TotalEnergies E&P UK (TEPUK) has handed in an environmental impact assessment (EIA) for proposed new drilling at the Alwyn Area – a key step en route to regulatory approval.
The documents were submitted to the Offshore Petroleum Regulator for Environment and Decommissioning (OPRED) on 23 September.
TEPUK is proposing the drilling of a new exploration well in the Alwyn East field as part of a wider life extension strategy in the Alwyn Area, which comprises eight other fields: Alwyn North, Dunbar, Ellon, Grant, Nuggets, Forvie North, Jura and Islay.
Facilities at Alwyn North consist of two bridge-linked platforms, North Alwyn Alpha (NAA) and North Alwyn Bravo (NAB), which lie 85 miles east of Shetland and 5.5 miles from the UK/Norwegian median line, in water depth of 130 m. The Alwyn East field is a further 3.7 miles to the north east.
TEPUK, which owns and operates the project with a 100% interest, intends to tap Alwyn East using extended reach drilling as a sidetrack from an existing wellbore located at the Alwyn North platform. Production would feed directly into the Alwyn North facilities.
This would require upgrading of topsides facilities – work which TEPUK says is already ongoing – but would not require any new subsea facilities.
If successful, oil would be mixed with fluids from the other fields in the Area and processed on Alwyn North, before being exported via the Cormorant Alpha pipeline to the Sullom Voe Terminal.
Gas would be processed through the platform gas separator prior to export to St Fergus via the St Fergus Terminal pipeline system.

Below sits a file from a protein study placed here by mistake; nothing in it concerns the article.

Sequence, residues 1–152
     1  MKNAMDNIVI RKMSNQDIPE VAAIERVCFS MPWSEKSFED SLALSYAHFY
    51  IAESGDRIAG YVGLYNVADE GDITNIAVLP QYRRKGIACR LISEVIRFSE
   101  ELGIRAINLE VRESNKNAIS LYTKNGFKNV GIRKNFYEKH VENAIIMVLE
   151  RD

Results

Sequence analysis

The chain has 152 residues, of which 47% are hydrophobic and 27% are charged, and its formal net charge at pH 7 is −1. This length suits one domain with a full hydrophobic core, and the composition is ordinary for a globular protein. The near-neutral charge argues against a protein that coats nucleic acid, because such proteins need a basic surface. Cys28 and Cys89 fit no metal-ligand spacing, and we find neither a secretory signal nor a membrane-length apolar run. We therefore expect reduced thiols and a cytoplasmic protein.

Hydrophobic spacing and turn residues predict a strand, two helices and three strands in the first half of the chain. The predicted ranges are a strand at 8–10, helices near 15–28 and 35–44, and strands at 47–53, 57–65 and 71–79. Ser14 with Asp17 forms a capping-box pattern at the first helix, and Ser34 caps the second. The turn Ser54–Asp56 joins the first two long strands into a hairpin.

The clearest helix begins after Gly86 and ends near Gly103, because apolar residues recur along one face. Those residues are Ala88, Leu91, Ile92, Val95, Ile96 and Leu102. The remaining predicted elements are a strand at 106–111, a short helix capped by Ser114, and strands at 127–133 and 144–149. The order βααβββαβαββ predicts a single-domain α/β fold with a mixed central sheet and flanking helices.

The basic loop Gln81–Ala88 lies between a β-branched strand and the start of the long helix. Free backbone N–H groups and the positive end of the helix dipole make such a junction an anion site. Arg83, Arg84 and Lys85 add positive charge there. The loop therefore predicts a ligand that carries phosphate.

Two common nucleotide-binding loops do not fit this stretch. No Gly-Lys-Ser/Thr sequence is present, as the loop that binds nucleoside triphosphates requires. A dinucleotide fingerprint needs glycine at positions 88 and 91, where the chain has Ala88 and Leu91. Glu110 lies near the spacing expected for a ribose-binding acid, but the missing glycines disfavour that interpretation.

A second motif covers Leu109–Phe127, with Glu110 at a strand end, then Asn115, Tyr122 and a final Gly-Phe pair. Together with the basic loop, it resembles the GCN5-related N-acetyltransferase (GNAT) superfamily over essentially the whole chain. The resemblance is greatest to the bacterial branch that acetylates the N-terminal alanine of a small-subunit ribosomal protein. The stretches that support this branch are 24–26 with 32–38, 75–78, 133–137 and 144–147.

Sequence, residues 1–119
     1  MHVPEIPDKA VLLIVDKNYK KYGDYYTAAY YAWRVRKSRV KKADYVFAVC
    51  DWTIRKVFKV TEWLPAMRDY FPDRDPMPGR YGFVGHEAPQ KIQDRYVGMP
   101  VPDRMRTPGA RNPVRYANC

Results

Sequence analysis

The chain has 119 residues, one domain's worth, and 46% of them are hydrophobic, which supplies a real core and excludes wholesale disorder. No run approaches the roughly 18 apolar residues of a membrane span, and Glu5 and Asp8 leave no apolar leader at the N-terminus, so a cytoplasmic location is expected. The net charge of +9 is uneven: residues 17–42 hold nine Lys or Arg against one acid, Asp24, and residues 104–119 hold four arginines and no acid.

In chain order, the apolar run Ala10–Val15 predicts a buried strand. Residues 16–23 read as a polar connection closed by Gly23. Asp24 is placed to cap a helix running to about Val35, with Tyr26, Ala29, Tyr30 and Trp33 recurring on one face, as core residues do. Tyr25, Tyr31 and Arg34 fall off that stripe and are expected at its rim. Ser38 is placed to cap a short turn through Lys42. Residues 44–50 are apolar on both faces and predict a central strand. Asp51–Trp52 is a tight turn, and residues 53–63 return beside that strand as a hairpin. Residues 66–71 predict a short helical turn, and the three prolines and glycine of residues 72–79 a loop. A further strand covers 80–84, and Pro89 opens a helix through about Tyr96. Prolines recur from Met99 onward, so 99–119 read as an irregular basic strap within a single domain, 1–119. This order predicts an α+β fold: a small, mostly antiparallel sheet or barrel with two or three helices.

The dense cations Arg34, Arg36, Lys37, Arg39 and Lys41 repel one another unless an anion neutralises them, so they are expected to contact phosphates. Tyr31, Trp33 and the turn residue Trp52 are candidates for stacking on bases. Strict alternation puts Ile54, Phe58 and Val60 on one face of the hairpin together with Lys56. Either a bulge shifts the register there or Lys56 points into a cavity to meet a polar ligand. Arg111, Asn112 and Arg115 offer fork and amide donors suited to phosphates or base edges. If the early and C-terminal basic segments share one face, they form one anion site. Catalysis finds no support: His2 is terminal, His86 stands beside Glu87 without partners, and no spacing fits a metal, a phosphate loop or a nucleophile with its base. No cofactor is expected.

Forecast production from Alwyn East (P10 values) would see peak gas production over six years from 2023-28, with flows of just over 1.5 million cubic metres per day. Production would decrease from 2030 onwards.
The Alwyn East drilling campaign is slated to begin in spring 2022, and will take up to a maximum of 175 days, TEPUK said. First oil is expected by September 2022.
In its environmental statement, TEPUK also goes into detail regarding the implications of its plans in terms of emissions. Notably it says that Alwyn NAB, which provides power generation for the NAA and Dunbar platforms, was designed to accommodate greater production from the Area and is therefore equipped with four gas turbine generators.
In the second half of 2020, it embarked on a new initiative to enable running on only two generators as much as possible during normal operations, which the company says has made “a major step change in emissions reduction on the platform.” over the last two years.
Two-generator operation is now its base case, though TEPUK says a third generator would need to be used during some of the Alwyn East drilling campaign so that it can be completed safely. Once drilling is complete, it expects the platform to revert back to two generators.
More widely it adds that: “The forecast carbon intensity of the Alwyn area clearly shows that the production of Alwyn East significantly reduces the carbon intensity of production from Alwyn over the short to medium term. This demonstrates that the inclusion of Alwyn East results in a more efficient use of energy to produce the hydrocarbons and operate this platform until CoP of the Alwyn area.”
Combined with other carbon-saving measures across the Alwyn North asset, it expects overall emissions “will show no great change from those reported in recent years.”
Public consultation on the project will now open until 22 November 2021, after which the Secretary of State and OGA will form decisions on the project.
TEPUK’s submission comes two weeks after OPRED declined to approve field development plans for Shell’s Jackdaw gas condensate project.
Shell is currently proposing changes to its plans, while the regulator has requested information as to the differences the changes will make to the impact of Jackdaw on the climate, as well as measures that are likely to mitigate any significant bearing on the environment.